Show Posts

This section allows you to view all posts made by this member. Note that you can only see posts made in areas you currently have access to.


 

Messages - geegee

Pages: [1] 2 3 ... 20
1
General Discussion / Re: border crossings
« on: January 01, 2020, 02:29:53 pm »
You should be able to get a stamp at the Canadian border if you asked for one. They don't normally do it for Americans as they expect these crossings to be frequent and routine. If the guy at the booth doesn't have the proper stamp you may have to go into the office after going through.

2
General Discussion / Re: Warm Showers Reliability
« on: April 23, 2019, 02:42:21 pm »
I host more than I use Warmshowers as a guest. With very few exceptions, I've practically accepted everyone who has asked. However, when I do tour, I never use it as a means to save money, I look at it as a way to meet other cyclists. I'm pickier when it comes to finding hosts, if I don't find anyone interesting to stay with in a particular area, I don't bother asking and look for paid accommodations which I budget for anyway.

3
I check windy.com regularly while I'm on tour. it's great for managing expectations as it lets you see wind patterns on a macro scale on a map. You can click on any location to find out what the speed and direction and the pop-ups expand to a weather forecast. They have a phone ap, too.

4
If you mean interstate 40, taking Route 66 instead would definitely be a better way to go. If you mean US40, there are a few parallel routes you can string together like the Katy Trail. I rode from LA to upstate NY then to Canada a few years ago, if you are interested you can find my route maps on my blog at http://abikeridecalledamerica.blogspot.com . I wanted to visit specific places so I had to create my own route. The roads were good for most of it, if you followed it to Buffalo you could continue on the Erie Canal route to Albany and then bike down the Hudson to NYC, which is probably one of the more pleasant ways to get to the Big Apple.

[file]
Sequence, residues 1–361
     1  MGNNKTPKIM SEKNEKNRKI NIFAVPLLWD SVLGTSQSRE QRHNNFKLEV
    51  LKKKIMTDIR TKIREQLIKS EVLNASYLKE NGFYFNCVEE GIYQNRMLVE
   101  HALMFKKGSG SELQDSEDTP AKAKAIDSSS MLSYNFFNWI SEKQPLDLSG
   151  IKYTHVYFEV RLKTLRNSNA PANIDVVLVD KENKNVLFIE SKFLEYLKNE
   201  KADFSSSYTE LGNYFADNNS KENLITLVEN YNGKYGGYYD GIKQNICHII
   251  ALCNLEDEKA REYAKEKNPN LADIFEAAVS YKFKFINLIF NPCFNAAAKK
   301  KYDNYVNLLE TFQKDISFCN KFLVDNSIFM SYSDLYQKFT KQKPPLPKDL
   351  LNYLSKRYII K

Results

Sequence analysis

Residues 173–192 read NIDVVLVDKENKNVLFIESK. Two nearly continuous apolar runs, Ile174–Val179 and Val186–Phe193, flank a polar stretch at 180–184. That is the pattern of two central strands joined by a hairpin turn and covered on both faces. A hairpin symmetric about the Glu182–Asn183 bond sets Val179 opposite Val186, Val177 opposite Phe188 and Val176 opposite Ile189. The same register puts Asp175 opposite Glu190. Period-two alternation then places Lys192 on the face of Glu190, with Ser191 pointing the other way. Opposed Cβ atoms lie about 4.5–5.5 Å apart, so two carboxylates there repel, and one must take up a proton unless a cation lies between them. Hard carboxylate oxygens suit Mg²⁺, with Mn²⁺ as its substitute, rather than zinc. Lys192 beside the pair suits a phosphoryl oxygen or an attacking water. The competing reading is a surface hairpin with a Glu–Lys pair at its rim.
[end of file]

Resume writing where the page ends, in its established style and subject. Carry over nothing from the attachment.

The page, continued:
5
General Discussion / Re: Best Airlines for Bikes: US to EU
« on: February 28, 2018, 09:55:23 am »
The way your bike is treated is more on the part of the airport baggage handlers than the airline. Try to fly into a city that has a cycling culture, your bike might have better chances of being treated better. I've flown into Amsterdam, Brussels, Paris, Dublin, Munich and Hamburg with no issues. Some airports even have bike assembly areas .

I think airlines that charge more than $75 for a bike each way are asking too much. I usually fly Air Canada because it's my local airline and they only charge $50. Some charter flights charge as little as $25 to $30 if your bike counts as part of your baggage allowance. They all publish their fees online, so it's not too hard to factor in when you're shopping for your ticket.

6
General Discussion / Re: Tourist stickers
« on: January 17, 2018, 10:44:04 pm »
I'm more of a pinhead :)


7
General Discussion / Re: Riding the Gaspe Peninsula
« on: September 19, 2017, 06:36:15 am »
What kind of experience are you looking for, what are your preferences? From a scenic point of view, I think the Gaspésie is best seen counterclockwise since you'll have the sea on your side. However, the north side is quite hilly and windy, which generally means pretty strong prevailing headwinds on nice days if you're heading west and tail winds in inclement weather. The south, with the exception of the climb through the Matapédia  valley, is flatter into the town of Gaspé. Technically, it would be "easier" done clockwise with the wind pushing you through the hilliest parts. There remain missing gaps in the Route verte in the northeast, so there will be stretches without shoulders.

The train to the town of Gaspé is currently not operational if you re thinking of it as an option to return. There is rail service in Campbellton NB and Matapédia QC, on the Halifax-Montreal route though. The intercity buses (Orléans Express) will happily take your bike and they sell boxes at the stations.

If you're up for a wilder, less populated coastal experience, I just got back from riding the north shore of the Gulf of St Lawrence from Baie-Comeau to Natashquan then up the coast by ship to Labrador and northern Newfoundland. Spectacular up there!

8
Canada / Re: Northern Ontario — Lake Huron
« on: July 31, 2017, 10:37:19 am »
I know they've been gradually putting in shoulders on highway 6 for years, last I looked there was just 20 kms left to do south of Little Current between Espanola and South Baymouth. They might have done it this summer. I believe implementation with regards to the trail is putting up signage.